Right now, it seems that just about every employer is experiencing staffing shortages. For most of them, it’s a new experience. But for many farmers, it’s hard to even remember a time when they weren’t short-staffed. Farm work has never been a popular occupation during my lifetime, and it’s safe to say it’s gotten even less so in the last ten years. A majority of ag workers in California are legal citizens of Mexico, and the federal government has an official policy of not allowing them entry despite widespread acknowledgement that farms in the U.S. depend on them 100%. California’s efforts to improve working conditions on farms — raising the minimum wage, changing overtime requirements and numerous safety rules — have not succeeded in luring native born Americans into agriculture, even during the recession of the early 2000s.
Over the years, we’ve adapted to the scarcity of workers by mechanizing numerous tasks, changing crops, and simply reducing our production. There’s no point in planting a crop that you don’t have enough employees to take care of and harvest. Most other farmers have done the same — it’s the primary reason why mechanically harvested nut crops have become California’s biggest crop.
So going into our winter break this year, Terra Firma was already understaffed. But with all the rain, we were able to move a few people over from other tasks — primarily irrigation of course — onto our harvest crew. But during the break, several of our staff returned to Mexico for the winter. Meanwhile, the rain has stopped and it’s time to start irrigating, pruning, planting and cultivating.
Up until now, the only person at Terra Firma who had gotten Covid was yours truly, after my wife got it in 2020 when she was exposed to someone at work who had attended a conference in New York. Ironically, I was also the first person on the farm to get Omicron, when I traveled back east for the holidays. On Monday we got our second Omicron case, and today, the third (none of the cases are related, so far). We all know what this trend line looks like. Thankfully, our employees do not appear to be contracting Covid at work from each other. But everyone’s kids go to the same schools.
We had a few “close calls” with staff during 2020, but nothing since, and illness was not an issue for us at all during the previous stages of the pandemic. Now, however, we are looking at a very good possibility of Omicron affecting our workplace the way it has been doing with workplaces across the state and country. Even a handful of absent employees for a week or more at a time would have serious impacts on our ability to get even the minimum of critical tasks done: picking and packing your boxes; planting and irrigating the crops.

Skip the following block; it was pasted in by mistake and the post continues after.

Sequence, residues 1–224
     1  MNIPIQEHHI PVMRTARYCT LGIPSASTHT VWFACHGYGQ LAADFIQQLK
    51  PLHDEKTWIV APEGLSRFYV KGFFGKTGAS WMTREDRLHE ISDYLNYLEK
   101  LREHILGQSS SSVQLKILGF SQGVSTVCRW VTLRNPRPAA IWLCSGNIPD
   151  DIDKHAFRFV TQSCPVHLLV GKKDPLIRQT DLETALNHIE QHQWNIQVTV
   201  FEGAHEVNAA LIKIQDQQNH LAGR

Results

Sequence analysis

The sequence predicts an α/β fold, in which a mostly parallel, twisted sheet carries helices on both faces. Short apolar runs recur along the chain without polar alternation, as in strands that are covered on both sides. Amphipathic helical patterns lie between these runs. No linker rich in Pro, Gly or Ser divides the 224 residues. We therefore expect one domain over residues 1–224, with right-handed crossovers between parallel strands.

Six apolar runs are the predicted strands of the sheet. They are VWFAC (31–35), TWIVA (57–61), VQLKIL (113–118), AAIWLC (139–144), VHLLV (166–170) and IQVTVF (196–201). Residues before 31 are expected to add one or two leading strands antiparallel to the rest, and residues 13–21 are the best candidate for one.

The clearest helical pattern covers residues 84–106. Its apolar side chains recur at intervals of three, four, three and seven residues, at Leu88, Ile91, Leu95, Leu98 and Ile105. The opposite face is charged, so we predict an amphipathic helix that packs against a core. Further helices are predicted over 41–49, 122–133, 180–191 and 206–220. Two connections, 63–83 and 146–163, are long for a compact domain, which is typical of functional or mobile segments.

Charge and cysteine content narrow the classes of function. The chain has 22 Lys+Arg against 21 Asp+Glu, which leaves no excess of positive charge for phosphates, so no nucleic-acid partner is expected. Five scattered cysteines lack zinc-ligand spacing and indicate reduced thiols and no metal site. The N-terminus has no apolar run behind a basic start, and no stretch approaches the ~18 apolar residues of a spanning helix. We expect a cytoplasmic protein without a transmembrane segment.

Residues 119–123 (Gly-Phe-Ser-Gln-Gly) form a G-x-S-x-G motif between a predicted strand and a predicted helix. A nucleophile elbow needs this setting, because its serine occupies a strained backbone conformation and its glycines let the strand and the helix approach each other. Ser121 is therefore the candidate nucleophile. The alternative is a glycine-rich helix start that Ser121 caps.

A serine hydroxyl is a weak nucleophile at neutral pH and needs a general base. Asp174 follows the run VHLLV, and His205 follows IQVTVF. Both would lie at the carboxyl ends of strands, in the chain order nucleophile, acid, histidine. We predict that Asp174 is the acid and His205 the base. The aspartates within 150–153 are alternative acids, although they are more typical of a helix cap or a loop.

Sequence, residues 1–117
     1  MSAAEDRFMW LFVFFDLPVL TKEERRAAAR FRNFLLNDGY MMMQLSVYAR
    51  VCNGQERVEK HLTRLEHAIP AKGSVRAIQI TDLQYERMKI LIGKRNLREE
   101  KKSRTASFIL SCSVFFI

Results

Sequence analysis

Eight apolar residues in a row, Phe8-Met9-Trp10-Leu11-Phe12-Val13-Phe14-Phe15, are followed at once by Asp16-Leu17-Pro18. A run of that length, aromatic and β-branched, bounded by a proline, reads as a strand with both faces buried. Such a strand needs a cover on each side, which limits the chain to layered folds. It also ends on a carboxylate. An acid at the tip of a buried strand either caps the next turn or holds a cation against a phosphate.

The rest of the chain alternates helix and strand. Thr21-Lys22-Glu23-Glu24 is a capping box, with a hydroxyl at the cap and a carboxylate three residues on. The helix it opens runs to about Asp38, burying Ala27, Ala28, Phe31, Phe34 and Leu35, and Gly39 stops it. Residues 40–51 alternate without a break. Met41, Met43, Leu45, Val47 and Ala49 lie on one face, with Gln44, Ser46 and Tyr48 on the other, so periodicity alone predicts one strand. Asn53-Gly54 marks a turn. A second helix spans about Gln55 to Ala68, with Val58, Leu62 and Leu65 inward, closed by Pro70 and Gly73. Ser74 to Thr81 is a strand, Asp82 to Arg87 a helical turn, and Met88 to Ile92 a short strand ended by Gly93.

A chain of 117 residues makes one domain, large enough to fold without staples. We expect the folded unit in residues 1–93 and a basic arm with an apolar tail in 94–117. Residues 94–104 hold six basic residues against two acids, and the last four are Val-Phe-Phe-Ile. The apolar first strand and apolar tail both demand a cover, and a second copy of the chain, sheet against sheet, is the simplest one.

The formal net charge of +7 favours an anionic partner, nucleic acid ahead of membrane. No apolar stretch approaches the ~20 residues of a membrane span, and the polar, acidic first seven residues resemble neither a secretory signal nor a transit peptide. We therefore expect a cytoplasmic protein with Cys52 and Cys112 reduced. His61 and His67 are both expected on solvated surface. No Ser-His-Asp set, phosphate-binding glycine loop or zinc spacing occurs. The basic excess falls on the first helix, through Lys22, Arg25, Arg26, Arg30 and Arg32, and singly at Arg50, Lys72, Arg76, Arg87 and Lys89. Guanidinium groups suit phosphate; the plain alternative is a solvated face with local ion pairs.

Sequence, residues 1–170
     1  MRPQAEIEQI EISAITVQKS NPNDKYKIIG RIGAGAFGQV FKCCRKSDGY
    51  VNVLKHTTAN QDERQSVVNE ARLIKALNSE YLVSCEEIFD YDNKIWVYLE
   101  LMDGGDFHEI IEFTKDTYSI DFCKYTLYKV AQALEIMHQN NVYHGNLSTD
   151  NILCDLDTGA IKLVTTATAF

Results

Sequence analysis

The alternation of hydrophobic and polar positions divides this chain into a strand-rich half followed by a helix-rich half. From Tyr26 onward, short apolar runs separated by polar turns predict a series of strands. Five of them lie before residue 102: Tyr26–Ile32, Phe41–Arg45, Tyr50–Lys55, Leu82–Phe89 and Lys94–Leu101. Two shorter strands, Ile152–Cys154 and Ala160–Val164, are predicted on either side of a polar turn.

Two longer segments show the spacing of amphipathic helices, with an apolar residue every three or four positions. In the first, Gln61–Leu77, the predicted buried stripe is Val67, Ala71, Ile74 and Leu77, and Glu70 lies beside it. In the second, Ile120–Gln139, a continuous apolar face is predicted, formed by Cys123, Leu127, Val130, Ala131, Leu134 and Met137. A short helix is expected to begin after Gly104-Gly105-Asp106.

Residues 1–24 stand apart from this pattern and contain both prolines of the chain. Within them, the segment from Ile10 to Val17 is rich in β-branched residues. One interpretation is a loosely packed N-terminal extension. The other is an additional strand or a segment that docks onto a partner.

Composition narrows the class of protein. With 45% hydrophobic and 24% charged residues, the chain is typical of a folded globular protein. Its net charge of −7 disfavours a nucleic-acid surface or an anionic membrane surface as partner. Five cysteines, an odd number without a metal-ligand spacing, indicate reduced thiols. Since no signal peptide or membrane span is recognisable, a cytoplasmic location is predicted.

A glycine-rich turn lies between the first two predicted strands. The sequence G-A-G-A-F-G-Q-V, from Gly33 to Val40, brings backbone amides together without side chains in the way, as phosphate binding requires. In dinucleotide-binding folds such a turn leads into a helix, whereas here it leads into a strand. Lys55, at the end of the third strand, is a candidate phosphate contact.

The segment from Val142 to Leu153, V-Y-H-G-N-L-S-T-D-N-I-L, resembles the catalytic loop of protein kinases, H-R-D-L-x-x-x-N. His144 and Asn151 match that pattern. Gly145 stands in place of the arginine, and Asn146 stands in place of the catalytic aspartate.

Back in 2020, the federal government responded to the potential threat that Covid posed with programs like tax rebates to individuals, unlimited sick leave and PPP loans. Now, despite many more people contracting Omicron and missing work then contracted the previous variants, there is apparently no discussion of re-starting any programs. Most people used their “Covid stimulus” funds up long ago. Likewise many businesses with their PPP funds. And it’s not just government assistance that has ended. There is not even any current guidelines from the federal or state government about sick leave. Employers are left to figure it out themselves: how long after a positive Covid test should an employee be given paid leave, etc.
At Terra Firma, we are lucky to have not used our much of our PPP loan — although we did have to pay a 10% tax on it to the state of California as a result. We kept the rest of the money as a reserve account, “just in case”. Now, almost two years since we received it, we may end up having to using it to pay employee sick time and help offset the loss in revenue that will occur if we have a significant number of our staff out due to illness.
Up until now, Covid has been making us tired, stressed, and sad. But at some point soon, people will start to get angry. Not at mask mandates, or unvaccinated people, but at our leaders who seem to have moved on from Covid and are busy arguing among themselves about other issues.